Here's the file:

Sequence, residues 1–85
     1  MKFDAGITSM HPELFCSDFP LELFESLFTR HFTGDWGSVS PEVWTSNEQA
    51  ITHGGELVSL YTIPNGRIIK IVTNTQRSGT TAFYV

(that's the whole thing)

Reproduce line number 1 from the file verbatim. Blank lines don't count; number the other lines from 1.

Sequence, residues 1–85